cubes floating in air creating a map of the world

Global Negotiations: New Executive Certificate Program Coming Online

With globalization accelerating at an exponential rate, acquiring the knowledge and capability to achieve sustainable business success is paramount. It is important for executives to develop their understanding of cross-cultural negotiation tactics, and discover their power position and power approach for successful business.

“Global negotiation courses and cross-cultural communication are the two main focuses for business executives in 2010,” says Erin Wilson, associate director of executive education at Thunderbird School of Global Management in Glendale.

In response to this growing demand, the school created a new online program, the Executive Certificate in Global Negotiations.

“Negotiation is an art,” the school states on its Web site. “All negotiations are delicate operations, and crafting agreements is a challenge no matter who the players are. Stakes are higher and negotiations trickier, however, when the parties involved come from different cultures and customs, it may result in a negotiation session hijacked by misunderstandings or unexpected culture clashes.”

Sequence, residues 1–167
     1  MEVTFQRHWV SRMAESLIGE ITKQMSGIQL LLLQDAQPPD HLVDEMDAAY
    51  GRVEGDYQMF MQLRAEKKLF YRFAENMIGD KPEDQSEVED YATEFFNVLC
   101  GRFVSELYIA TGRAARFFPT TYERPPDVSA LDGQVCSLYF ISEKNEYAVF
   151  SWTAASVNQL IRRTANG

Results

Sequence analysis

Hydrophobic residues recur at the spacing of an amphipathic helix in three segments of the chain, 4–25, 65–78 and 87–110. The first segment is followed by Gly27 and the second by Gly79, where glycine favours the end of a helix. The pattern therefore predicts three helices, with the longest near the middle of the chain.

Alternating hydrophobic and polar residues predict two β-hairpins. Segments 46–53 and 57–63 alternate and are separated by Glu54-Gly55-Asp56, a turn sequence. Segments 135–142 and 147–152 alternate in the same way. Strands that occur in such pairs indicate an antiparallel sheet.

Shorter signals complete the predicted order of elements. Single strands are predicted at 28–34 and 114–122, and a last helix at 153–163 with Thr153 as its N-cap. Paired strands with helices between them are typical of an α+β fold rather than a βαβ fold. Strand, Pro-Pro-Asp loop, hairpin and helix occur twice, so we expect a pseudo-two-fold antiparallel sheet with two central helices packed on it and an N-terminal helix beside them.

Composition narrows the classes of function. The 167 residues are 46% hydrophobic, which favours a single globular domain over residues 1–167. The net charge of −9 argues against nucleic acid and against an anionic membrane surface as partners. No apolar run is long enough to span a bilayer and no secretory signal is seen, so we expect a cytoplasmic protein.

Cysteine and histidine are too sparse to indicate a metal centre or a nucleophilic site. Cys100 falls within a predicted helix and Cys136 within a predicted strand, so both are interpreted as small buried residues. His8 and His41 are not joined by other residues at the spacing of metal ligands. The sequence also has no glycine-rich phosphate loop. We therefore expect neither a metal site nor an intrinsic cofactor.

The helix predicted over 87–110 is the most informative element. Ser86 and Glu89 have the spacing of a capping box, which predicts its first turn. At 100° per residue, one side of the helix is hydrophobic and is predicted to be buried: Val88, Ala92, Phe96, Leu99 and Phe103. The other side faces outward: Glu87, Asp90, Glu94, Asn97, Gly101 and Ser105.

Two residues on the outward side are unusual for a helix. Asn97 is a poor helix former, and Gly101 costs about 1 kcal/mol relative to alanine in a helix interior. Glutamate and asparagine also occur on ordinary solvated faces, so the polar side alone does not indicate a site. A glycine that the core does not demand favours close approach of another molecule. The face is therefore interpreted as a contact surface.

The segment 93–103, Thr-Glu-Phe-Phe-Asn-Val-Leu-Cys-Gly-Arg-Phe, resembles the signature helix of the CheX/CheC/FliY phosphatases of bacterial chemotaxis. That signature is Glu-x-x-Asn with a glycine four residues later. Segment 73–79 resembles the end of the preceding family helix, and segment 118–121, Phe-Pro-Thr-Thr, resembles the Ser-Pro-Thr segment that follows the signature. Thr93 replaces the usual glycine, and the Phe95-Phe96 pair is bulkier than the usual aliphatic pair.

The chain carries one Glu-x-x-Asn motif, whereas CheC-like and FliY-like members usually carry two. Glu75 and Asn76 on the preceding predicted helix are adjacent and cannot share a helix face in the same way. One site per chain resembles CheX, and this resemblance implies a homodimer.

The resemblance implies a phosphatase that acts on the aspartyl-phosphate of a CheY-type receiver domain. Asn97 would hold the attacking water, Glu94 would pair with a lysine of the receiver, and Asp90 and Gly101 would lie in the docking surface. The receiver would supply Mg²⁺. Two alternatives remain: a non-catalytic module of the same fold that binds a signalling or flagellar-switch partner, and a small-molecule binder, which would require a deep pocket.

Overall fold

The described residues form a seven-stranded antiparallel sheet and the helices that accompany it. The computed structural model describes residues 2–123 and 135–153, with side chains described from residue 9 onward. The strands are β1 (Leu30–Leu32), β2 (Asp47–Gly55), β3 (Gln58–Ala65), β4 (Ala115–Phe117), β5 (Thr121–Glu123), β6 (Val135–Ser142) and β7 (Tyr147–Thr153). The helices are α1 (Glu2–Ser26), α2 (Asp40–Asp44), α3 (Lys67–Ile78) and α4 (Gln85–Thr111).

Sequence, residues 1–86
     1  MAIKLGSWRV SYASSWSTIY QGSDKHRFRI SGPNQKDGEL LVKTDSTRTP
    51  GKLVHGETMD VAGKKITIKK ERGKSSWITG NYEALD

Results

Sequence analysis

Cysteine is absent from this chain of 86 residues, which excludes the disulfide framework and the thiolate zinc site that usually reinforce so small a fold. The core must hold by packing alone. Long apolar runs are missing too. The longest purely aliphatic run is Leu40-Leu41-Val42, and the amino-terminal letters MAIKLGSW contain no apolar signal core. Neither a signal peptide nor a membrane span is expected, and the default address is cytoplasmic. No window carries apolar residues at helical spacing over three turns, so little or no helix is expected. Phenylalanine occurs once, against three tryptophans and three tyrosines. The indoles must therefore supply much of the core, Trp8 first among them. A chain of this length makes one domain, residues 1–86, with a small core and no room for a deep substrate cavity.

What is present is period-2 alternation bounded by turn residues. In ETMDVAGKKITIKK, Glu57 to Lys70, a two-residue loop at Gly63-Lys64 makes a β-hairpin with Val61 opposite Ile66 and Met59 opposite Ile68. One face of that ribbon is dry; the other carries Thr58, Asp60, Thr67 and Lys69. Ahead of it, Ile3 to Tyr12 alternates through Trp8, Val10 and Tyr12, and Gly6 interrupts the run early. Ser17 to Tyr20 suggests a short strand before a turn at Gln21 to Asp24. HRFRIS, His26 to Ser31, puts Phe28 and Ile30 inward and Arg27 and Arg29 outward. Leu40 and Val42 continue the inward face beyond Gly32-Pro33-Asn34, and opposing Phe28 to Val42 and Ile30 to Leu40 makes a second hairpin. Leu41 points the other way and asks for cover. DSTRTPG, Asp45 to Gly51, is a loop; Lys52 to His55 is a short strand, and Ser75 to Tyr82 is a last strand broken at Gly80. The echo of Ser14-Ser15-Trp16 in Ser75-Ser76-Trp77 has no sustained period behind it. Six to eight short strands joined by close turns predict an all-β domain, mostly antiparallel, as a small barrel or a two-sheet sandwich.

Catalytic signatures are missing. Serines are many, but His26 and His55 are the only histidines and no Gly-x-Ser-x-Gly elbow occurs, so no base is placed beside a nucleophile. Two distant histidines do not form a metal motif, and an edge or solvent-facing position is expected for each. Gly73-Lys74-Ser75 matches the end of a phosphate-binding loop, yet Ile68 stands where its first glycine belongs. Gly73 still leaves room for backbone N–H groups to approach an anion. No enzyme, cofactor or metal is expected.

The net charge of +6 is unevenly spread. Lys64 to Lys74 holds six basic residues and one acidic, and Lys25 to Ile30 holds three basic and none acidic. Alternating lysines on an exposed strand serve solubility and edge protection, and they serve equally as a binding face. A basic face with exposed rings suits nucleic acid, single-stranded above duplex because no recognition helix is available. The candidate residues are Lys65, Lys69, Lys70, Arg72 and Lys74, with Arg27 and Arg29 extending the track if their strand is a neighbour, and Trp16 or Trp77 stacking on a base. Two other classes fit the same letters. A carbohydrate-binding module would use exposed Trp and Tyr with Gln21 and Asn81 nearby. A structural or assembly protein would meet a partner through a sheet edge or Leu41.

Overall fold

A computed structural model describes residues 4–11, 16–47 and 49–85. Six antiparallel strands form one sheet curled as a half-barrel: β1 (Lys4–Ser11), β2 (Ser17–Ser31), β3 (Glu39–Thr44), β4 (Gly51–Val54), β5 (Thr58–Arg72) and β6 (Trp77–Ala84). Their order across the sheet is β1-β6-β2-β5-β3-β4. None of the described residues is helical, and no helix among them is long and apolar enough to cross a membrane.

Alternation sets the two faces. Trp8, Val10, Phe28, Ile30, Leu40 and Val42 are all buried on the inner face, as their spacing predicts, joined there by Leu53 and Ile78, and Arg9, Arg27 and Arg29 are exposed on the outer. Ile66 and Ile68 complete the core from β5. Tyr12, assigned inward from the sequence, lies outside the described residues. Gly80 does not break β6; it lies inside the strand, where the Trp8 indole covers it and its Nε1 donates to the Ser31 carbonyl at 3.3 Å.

Wilson says the executive certificate is an online program involving three, eight-week courses that may be taken anywhere in the world. Those who participate in the course will be able to interact with other executives via online discussions.

“The courses are designed so that they may be globally offered with no in-person interaction,” she explains.

The executive certificate program was first introduced in February, with additional program dates opening April 5 and June 7
The certificate program is designed for any professional — at various levels of responsibility — who works in a cross-cultural environment, or for those who want to gain more knowledge about working in this type of environment, Wilson says.